The Nuclear Regulatory Commission has suggested that Mitsubishi Heavy Industries (TYO: 7011) used the wrong equipment to fix California’s San Onofre nuclear plant.
According to the NRC, Mitusbishi didn’t verify whether tubes being used in a mock-up generator to study potential repairs matched specifications for such tubing in the San Onofre nuclear plant. More than 1,000 such tubes are in question.
The plant has been shut down since January after excessive wear to the tubing, which carries radioactive water, resulted in a tube break and the release of trace amounts of radiation, Insurance Journal reports.
The NRC questioned Southern California Edison’s idea of restarting one of the two shut-down reactors and then running it at low power in an effort to stop the vibrations that have been consistently damaging tubes. Southern California operates the San Onofre plant, and the NRC is due to issue a decision on how the plant should be handled by March of next year.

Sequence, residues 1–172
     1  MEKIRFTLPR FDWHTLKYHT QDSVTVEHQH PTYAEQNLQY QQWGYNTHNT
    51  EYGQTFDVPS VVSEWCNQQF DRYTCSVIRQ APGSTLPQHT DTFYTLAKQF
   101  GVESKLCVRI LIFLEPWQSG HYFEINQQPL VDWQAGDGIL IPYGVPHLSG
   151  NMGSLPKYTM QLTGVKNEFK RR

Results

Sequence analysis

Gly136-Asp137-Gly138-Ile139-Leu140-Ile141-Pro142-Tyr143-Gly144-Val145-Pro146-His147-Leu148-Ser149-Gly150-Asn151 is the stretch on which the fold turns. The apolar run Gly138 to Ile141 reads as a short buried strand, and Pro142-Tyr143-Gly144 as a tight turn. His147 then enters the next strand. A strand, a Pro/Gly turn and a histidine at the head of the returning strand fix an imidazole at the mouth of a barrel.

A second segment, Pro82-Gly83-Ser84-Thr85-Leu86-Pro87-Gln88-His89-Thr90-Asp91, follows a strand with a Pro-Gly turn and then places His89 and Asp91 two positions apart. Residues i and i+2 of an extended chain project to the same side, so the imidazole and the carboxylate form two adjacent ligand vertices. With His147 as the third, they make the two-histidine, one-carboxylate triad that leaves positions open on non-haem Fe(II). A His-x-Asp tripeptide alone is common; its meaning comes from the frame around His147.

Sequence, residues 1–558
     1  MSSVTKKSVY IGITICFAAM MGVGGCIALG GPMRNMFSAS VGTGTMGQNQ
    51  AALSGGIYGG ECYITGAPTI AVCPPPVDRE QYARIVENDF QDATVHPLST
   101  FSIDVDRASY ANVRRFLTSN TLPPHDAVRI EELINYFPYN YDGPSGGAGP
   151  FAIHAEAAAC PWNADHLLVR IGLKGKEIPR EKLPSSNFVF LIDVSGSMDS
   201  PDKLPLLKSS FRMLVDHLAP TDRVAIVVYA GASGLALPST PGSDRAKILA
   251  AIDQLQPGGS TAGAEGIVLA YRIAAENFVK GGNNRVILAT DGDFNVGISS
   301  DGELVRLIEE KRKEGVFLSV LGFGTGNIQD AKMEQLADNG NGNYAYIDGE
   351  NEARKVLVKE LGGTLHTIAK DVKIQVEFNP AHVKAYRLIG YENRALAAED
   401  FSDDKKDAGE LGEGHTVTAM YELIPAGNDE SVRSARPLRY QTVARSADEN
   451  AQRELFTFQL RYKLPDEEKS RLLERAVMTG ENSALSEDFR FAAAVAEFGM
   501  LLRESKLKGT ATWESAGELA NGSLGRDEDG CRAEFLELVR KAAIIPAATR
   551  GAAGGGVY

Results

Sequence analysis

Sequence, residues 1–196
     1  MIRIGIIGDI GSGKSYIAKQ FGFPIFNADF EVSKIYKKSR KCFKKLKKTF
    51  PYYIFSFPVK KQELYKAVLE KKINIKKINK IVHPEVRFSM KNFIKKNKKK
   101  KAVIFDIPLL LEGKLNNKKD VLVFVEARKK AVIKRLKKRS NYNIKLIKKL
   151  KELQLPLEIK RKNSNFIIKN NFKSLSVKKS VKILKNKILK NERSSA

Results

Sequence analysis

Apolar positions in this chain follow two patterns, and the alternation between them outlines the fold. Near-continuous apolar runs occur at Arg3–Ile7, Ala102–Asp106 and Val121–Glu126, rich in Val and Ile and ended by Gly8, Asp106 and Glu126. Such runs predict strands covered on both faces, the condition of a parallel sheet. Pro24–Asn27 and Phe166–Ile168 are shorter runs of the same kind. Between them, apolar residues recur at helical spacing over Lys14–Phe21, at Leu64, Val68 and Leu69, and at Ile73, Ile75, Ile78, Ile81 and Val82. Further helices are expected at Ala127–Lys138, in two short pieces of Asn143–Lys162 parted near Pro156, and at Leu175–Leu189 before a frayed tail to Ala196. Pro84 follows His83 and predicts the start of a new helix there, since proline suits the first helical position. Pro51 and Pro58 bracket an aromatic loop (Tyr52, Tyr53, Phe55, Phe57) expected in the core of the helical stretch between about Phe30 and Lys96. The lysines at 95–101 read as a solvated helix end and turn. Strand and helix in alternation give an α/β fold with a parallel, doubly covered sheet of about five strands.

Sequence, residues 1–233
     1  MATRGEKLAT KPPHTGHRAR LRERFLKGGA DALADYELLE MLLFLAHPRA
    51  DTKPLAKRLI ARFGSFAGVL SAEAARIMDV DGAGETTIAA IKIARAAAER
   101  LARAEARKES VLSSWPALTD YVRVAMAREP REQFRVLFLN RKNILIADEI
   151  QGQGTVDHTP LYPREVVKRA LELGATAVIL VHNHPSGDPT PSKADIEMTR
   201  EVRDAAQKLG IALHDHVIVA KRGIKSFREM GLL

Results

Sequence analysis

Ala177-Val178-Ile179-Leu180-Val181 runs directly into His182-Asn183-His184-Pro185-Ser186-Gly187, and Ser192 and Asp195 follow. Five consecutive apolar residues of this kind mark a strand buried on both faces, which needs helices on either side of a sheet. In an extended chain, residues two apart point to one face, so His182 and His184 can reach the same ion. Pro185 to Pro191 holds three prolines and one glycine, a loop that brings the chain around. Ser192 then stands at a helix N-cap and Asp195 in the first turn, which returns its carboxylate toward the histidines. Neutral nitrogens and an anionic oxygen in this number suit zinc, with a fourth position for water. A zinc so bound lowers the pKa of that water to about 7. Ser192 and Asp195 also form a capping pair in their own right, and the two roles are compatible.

The real problem appears to be that Mitsubishi was about to use the results from this flawed testing to set up further research, meaning future work could have resulted from these poorly-executed tests.
Federal officials have already targeted Mitsubishi over related issues; apparently, company officials had not judged accurately how water and steam would flow within the nuclear reactors, thus resulting in design flaws that lie at the heart of the tubing wear issues.
While wear is expected in steam generator tubing, the San Onofre generators had been replaced in a $670 million operation and just started operating in April 2010 and February 2011 respectively. The short operating time is why the amount of erosion and wear concerned investigators.